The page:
Contractor May Maintain Suit for Payment If It Has Substantially Compiled With the Licensing Law
Glen Valley Builders, LLC v. James S. Whang, No. 1141, Sept. Term, 2014, unreported (Md.Ct.Spec.App. Oct. 6, 2015), involved a lawsuit by a contractor against the homeowners who had engaged it. James S. Whang and Haibin E.C. Whang purchased the residential property in Potomac on April 10, 2009 from Mr. and Mrs. Lewis Friedman for $3,550,000. A condition in the purchase agreement was that Mr. Friedman would be engaged to complete construction projects at the house.
On February 19, 2010 the Whangs entered into a contract with Glen Valley Builders, LLC, the sole member of which was Lewis Friedman. Mr. Friedman guaranteed the contract. Through April, 2012, the Whangs paid Glen Valley a total of $2,220,000, but that was less than Glen Valley claimed was owed, so it sued for the difference. In response, the Whangs alleged that the work was incomplete and defective and that because Glen Valley was not a licensed home improvement contractor it was not entitled to enforce the contract.
During all relevant times, Glen Valley had neither a home improvement license under the Maryland Home Improvement Law (MHIL) nor a Montgomery County New Home Builder (MC NHB) license. Mr. Friedman held an MC NHB license, but not a license under the MHIL.
The Circuit Court for Montgomery County determined that Glen Valley did not actually comply with the MHIL licensing requirement and did not substantially comply with the MHIL; therefore, in its view Glen Valley was unable to enforce the construction contract. Glen Valley appealed to the Court of Special Appeals.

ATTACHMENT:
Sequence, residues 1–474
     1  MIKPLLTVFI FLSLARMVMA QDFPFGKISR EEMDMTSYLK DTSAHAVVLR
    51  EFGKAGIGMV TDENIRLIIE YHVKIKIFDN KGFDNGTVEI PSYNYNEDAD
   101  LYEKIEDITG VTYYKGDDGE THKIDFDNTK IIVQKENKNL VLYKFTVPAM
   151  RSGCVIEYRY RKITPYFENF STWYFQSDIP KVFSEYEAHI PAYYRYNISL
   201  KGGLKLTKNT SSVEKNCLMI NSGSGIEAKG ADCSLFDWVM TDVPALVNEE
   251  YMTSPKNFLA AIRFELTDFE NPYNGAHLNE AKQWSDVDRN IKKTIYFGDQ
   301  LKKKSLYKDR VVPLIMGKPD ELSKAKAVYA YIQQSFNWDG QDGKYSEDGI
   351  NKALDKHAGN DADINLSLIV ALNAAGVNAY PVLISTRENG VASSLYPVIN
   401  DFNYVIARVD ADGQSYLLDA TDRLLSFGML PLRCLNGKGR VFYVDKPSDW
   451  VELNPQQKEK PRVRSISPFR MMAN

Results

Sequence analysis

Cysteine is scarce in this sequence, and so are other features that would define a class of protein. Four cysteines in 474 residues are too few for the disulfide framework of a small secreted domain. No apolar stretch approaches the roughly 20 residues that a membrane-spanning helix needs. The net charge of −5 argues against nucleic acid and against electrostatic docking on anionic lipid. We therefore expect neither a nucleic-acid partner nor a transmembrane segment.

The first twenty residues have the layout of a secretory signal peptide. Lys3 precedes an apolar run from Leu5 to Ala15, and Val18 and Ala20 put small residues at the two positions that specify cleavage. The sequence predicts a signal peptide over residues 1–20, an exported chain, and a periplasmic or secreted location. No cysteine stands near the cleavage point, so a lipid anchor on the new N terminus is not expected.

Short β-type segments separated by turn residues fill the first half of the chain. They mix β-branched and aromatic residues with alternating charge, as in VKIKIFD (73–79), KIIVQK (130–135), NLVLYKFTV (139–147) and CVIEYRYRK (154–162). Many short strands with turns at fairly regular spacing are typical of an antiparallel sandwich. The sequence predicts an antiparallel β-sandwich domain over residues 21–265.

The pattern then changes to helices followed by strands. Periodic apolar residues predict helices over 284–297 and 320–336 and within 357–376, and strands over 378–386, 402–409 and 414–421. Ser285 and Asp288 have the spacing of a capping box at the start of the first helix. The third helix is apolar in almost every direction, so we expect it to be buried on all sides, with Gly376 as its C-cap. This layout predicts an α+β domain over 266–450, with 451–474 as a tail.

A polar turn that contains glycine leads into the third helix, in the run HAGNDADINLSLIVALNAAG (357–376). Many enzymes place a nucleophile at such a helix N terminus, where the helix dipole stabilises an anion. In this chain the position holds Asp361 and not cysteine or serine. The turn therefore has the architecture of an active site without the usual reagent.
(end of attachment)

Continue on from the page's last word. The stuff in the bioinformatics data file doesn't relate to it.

The Court of Special Appeals noted the rule that a person performing home improvements must comply with the MHIL to enforce a construction contract. However, it also found that a contractor may be able to enforce a construction contract if it substantially complies with the MHIL. The court found that there was a material factual dispute about whether Glen Valley substantially complied with the MHIL because Mr. Friedman, whom the court called “arguably a party to the contract,” was a licensed MC NHB contractor and there were many similar requirements for the two licenses. The court stated that the circuit court should not have decided this point on summary judgment.
The Court of Special Appeals focused on whether the purposes of the licensing law – to protect the public from unskilled builders, to ensure that contractors are fiscally responsible, and to provide a remedy for consumers – were satisfied. The court found that Glen Valley presented a material factual dispute concerning its substantial compliance with the MHIL licensing requirement, and so it remanded the case for further proceedings by the circuit court.
For questions, please contact Ed Levin (410) 576-1900.